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    Here's another one of mine.
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  14. #59
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    Quote Originally Posted by scottie300z View Post
    On a side note I like 3/4 of it being empty and the subject, especially since it's a car, being set to the far side.

    What I didn't like was so much road under the car and how square the photo was. The road really isn't that much of a bother to me compared to the squareness, but still. Instead of just saying it I displayed it and he can take that info to improve by thinking about where he sets the car in the frame before hitting the shutter button next time and then also that pictures don't have to always be in the same mold. I didn't ever say save a bad photo that does nothing for anyone.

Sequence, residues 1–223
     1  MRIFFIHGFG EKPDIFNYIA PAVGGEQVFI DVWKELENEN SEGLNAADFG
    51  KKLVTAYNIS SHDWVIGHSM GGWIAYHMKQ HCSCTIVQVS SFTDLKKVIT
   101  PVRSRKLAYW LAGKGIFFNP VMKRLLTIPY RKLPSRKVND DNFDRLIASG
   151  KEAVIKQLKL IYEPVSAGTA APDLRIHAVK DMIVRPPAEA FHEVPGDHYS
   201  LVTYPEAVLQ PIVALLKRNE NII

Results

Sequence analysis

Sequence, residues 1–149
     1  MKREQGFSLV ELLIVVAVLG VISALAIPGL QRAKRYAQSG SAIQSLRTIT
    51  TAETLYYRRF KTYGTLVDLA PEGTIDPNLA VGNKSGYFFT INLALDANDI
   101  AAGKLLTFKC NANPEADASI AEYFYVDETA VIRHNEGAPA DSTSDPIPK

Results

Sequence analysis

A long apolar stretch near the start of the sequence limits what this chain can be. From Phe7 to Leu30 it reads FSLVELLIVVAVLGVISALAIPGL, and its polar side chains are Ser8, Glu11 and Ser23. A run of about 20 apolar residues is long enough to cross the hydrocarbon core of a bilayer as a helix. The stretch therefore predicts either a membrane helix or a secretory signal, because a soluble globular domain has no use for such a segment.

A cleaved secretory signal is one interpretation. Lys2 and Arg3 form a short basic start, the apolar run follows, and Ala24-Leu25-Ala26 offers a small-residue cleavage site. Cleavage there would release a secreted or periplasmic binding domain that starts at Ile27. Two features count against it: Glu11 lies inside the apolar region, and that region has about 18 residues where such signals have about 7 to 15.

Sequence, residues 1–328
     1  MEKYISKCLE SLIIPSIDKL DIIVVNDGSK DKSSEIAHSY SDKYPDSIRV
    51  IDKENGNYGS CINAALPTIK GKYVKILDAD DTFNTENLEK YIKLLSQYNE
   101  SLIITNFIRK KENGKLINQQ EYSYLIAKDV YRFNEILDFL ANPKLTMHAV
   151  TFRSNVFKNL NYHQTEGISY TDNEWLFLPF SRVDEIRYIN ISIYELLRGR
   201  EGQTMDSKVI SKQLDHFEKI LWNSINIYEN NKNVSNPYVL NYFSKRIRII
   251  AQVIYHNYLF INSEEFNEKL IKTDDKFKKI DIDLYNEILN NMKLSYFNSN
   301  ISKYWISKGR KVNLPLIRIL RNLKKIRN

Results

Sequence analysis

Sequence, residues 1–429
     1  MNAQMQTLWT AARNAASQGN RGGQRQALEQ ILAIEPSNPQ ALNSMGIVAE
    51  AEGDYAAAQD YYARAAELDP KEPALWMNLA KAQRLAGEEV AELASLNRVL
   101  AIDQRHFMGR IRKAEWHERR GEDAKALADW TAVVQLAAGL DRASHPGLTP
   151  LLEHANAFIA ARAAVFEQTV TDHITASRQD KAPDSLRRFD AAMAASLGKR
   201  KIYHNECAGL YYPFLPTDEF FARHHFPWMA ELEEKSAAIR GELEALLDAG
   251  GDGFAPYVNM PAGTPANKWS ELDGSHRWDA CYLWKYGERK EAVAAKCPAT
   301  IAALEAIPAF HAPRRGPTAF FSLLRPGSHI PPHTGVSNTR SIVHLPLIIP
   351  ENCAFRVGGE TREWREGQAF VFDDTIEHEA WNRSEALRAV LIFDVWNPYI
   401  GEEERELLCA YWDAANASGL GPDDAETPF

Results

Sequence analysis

I'm not going to argue with how I used photo editing software to edit a photo. Oh wait , I guess I just did...
    FIrst, I don't adjust other people's photos without asking. Second, with all due respect, your post processing changes nothing, in my opinion.

    For me, it's a miss. Crop it, saturate it, sharpen it... doesn't matter. It's a miss. And, it's not my style to mislead people or betray my personal philosophies.


    JT
    www.johnthawley.com / www.automotivephoto.net

  15. #60
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    Quote Originally Posted by John Thawley View Post
    FIrst, I don't adjust other people's photos without asking. Second, with all due respect, your post processing changes nothing, in my opinion.

    For me, it's a miss. Crop it, saturate it, sharpen it... doesn't matter. It's a miss. And, it's not my style to mislead people or betray my personal philosophies.


    JT
    For your first point I apologize to NSX if I stepped on his grounds. Posting them here and asking for comments kinda implies an openness but implication is not really enough, so sorry.

    As far as your second, you must have glazed over what I said.
    You can call me scott.